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Haberle v. Nazareth

United States Court of Appeals, Third Circuit

August 29, 2019

NICOLE HABERLE, As Administratrix for the Estate of Timothy Nixon Deceased, Appellant
v.
BOROUGH OF NAZARETH

          Submitted Pursuant to Third Circuit L.A.R. 34.1(a) on April 18, 2019

          On Appeal from the United States District Court for the Eastern District of Pennsylvania (D.C. Civil No. 5-15-cv-02804) District Judge: Honorable Joseph F. Leeson, Jr.

          Joseph E. Welsh Lauer & Fulmer Counsel for Appellant

          Rufus A. Jennings John P. Morgenstern Deasey Mahoney & Valentini Counsel for Appellee

          Before: AMBRO, GREENAWAY, JR., and SCIRICA, Circuit Judges.

          OPINION

          SCIRICA, CIRCUIT JUDGE

         Plaintiff Nicole Haberle's long-time partner Timothy Nixon suffered from severe mental illness. Nixon committed suicide during an encounter with the Borough of Nazareth Police Department, and Haberle sued the Borough. She alleged that the Police Department's failure to accommodate mentally disabled individuals constituted a violation of the Americans with Disabilities Act (ADA) and sought money damages.

         Haberle's challenge is before us for a second time. The District Court had previously dismissed her complaint, which raised the ADA claim and several constitutional claims. We affirmed in part the District Court's dismissal, but remanded with instructions to provide Haberle leave to amend her ADA complaint. After Haberle filed an amended complaint, the District Court dismissed it for failure to allege intentional discrimination. Because Haberle's complaint raises a plausible claim that the Police Department was deliberately indifferent in failing to enact policies accommodating mental disability, we will reverse and remand.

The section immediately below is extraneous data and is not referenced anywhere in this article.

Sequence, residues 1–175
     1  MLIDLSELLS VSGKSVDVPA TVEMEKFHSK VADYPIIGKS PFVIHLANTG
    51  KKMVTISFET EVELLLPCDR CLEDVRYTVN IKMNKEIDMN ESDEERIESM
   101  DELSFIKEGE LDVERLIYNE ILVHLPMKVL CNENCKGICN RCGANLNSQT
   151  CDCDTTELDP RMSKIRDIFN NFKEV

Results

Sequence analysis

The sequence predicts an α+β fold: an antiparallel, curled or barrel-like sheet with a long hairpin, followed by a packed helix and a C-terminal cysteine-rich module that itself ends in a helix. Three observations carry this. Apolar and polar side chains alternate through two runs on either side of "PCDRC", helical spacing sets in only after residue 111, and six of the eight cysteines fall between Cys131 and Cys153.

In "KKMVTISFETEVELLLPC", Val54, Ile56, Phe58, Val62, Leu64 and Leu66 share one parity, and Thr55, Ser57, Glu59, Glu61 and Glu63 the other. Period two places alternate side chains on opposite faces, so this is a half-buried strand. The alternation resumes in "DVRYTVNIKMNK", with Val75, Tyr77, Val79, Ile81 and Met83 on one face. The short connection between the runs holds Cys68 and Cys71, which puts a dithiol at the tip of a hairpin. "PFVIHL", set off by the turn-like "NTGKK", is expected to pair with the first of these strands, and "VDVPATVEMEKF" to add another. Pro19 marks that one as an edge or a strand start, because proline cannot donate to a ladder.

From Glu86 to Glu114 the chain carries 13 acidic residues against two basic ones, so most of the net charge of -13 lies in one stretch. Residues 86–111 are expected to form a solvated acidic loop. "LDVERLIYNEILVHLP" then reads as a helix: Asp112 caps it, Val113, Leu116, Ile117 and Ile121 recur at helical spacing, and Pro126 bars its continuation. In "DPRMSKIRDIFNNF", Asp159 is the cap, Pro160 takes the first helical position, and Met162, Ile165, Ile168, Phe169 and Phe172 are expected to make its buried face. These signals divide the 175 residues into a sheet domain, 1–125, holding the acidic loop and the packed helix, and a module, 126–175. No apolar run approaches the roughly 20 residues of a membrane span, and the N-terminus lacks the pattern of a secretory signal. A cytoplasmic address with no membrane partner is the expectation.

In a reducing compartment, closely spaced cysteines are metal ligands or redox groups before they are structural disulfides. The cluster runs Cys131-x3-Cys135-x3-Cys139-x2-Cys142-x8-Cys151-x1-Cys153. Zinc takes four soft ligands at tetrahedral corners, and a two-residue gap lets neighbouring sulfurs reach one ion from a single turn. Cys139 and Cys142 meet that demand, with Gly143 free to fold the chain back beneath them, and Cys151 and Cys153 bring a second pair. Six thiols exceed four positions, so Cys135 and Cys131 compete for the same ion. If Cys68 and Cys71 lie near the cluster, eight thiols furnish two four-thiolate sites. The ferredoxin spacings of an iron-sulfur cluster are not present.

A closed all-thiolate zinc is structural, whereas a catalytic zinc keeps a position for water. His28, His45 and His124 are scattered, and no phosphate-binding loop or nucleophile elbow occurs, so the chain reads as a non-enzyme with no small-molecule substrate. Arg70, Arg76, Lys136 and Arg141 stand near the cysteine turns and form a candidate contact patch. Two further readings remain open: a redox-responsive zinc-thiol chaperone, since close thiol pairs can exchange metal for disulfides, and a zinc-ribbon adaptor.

I.

         We have previously described the facts as follows:

Timothy Nixon suffered from a variety of mental health problems, including depression. For years, he had lived off and on with his longtime partner, Ms. Haberle, and their two children. On May 20, 2013, he had "a serious mental health episode involving severe depression." He called Haberle and told her that he was suicidal, and then broke into a friend's home and took a handgun. He next went to his cousin's apartment.
Fearing for Nixon's life, Haberle contacted the Borough of Nazareth Police Department. Officer Daniel Troxell obtained a warrant for Nixon's arrest, and, having learned that Nixon was still at his cousin's apartment, Troxell went there, accompanied by other officers from the Borough and surrounding municipalities. Upon arriving at the apartment, some of the officers suggested setting up a perimeter and asking the Pennsylvania State Police to send crisis negotiators. Others suggested asking Haberle to help communicate with Nixon. Troxell rebuffed those suggestions, calling the other officers "a bunch of f[-]ing p[-]sies." He declared his intention to immediately go to the apartment, because "[t]his is how we do things in Nazareth." He did as he said, knocked on the door of the apartment, and identified himself as a police officer. Nixon then promptly went into one of the bedrooms of the apartment and turned the stolen gun on himself.

Haberle v. Troxell (Haberle I), 885 F.3d 170, 174 (3d Cir. 2018) (internal citations omitted, alterations in original).

         Haberle sued the Borough of Nazareth, several members of its Police Department including Officer Troxell, and other Borough officials (collectively, defendants). She claimed that Nixon's suicide was the foreseeable result of Officer Troxell's decision to unconstitutionally seize Nixon in violation of the Fourth Amendment; Officer Troxell's actions constituted a "state-created danger" in violation of the Fourteenth Amendment Due Process Clause; and the Borough's failure to implement police procedures to accommodate disabled individuals violated the Americans with Disabilities Act (ADA), 42 ...


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